Atelier Ryza: Ever Darkness & the Secret Hideout [REVIEW]

Released on October 29th 2019, Atelier Ryza is the newest entry in the Atelier series by Gust.The story revolves around Reisalin Stout, or as everyone knows her, Ryza, and her group of friends going an adventure in their village on the Kurken island. Ryza and her friends, Lent and Tao, follow Ryza and her usual antics trying to find a way from the island into the mainland in order to go on a childish adventure. The trio then proceeds to find an old boat and sail away to the Pixie forest in the mainland, as they explore they find a merchant’s daughter by the name of Klaudia being attacked by a monster. The trio saves the day and returns to the island until they are ambushed by an even stronger monster, luckily they are saved by an alchemist named Empel and his companion Lila.

This meeting leads Ryza to discover alchemy, Empel teaches Ryza the basics and our story begins.Atelier Ryza is a coming of age story, the story follows the main cast transitioning from their childlike adventures to them finding their calling in life. Ryza finds alchemy, while her companions each find what they want to do and in their own way try to figure out how to reach their goals.

Atelier Ryza delves into sensitive topics that have not been explored in previous entries, nor in most games. The topic of domestic abuse and bullying is very prevalent in certain characters’ stories which is very fresh and helps to understand certain characters and their struggles, and is something most games wouldn’t dare to touch, but in this case, Atelier Ryza conveys the character’s struggles relatively well. As a result the game can be very relate-able for some people and appears to be more grounded in reality. The role of the village and communal life play a large role in the world building and story of the game, as a result a certain extent of knowledge regarding Japanese culture is needed to appreciate and understand the context.

Many of you might have grown up in a small rural town or village, which can make this even more relate-able to you. Everyone in the Kurken Island has a role, such as Moritz who acts like the self appointed village chief or Peter who is the local journalist, the game makes it apparent that everyone has a role to fulfill and nothing really chances, everything is in a state of harmony and tranquility. Throughout the story we follow Ryza and her friends trying to find their way in the village as well as changing people’s perception of them, while challenging expectations or norms. It might seem obvious but a big part of the story’s focus is about growing up, things aren’t like they seemed and everything is changing, this is a message that is consistently conveyed through the game. The villagers question Ryza’s alchemy and the influence the newly arrived foreigners are having on the village and the people as expectations and norms are being challenged by the protagonists. Which is something that can be related to Japan and their modern day problems. The game really forces you as a player and the protagonists to go out of your comfort zone, exploring new things and experimenting with the unknown. Overall, compared to previous entries in the Atelier series feels very mature and very real, for those looking for a great coming of age story, this is definitely the perfect fit.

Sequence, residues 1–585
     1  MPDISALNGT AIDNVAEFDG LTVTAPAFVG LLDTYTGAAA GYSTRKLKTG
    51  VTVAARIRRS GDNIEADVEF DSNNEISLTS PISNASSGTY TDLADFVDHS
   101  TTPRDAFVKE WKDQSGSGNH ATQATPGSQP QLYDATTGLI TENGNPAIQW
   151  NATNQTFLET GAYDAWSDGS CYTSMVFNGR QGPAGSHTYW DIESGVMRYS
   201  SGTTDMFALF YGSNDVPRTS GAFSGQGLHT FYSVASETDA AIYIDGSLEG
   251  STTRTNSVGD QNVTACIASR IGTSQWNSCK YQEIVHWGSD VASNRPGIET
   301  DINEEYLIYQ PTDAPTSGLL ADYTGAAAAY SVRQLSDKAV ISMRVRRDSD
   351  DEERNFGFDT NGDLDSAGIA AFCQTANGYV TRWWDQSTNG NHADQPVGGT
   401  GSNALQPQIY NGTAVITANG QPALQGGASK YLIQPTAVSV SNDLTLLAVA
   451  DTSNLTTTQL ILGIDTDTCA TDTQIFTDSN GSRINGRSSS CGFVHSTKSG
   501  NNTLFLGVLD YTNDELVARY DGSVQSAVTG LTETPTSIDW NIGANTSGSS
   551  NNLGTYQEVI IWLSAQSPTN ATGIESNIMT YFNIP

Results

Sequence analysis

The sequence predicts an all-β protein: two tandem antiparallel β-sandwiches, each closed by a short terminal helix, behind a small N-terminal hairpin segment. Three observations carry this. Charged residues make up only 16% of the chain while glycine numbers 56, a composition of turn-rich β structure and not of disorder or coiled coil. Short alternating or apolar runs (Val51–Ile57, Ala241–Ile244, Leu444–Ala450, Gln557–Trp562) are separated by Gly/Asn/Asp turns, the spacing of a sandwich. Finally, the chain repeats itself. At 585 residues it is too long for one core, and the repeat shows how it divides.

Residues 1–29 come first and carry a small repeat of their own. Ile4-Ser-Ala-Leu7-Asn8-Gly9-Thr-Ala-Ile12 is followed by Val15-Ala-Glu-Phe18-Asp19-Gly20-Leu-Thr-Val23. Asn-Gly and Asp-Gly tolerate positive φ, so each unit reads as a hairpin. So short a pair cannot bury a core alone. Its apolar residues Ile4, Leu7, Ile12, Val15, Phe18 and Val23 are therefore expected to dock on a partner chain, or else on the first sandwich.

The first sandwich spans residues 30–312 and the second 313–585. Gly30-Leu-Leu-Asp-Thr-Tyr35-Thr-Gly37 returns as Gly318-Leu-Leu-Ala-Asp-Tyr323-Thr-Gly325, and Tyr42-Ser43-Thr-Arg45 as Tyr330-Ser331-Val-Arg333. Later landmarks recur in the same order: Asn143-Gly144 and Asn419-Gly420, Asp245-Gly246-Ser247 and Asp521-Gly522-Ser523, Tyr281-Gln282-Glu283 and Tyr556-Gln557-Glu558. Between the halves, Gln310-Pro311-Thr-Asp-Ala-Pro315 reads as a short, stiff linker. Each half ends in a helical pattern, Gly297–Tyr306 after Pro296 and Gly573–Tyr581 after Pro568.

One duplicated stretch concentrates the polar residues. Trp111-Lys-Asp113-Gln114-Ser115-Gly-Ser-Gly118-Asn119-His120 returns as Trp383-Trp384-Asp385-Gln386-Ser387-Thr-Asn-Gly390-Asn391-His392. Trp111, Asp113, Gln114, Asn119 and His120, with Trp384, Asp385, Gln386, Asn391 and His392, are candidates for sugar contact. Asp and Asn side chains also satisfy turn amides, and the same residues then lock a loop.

The world itself is also a highlight of the game, we start of in the island of Kurken and later explore the mainland, a dangerous place full of monsters, where children are not allowed. The game is incredibly smart at playing with world building and shaping the lore of the world. It is the player’s as well as our protagonists’ first time delving into the outside world, taking a step out of your comfort zone and be faced with a giant world, unknown and seemingly vast. We learn little by little certain facts about the world and have our expectations constantly challenged.

The player learns how the world works little by little and is something the Atelier games have always been good at, making you grow constantly through the story. The information and world building never feels forced or like an afterthought and uncovering the truth is very exciting and has you constantly intrigued. If compared to previous entries, Atelier Firis would come as close to Atelier Ryza in terms of world exploration but with improved and painless fast travel. We also explore what is referred to as the ‘Klint Kingdom’, a long lost civilization which mysteriously no one knows much about, despite Kurken Island and the mainland being surrounded by ruins of said Kingdom. Uncovering the truth behind the Kingdom becomes a main motivator for our characters and piece by piece we are able to solve this complex and intriguing puzzle.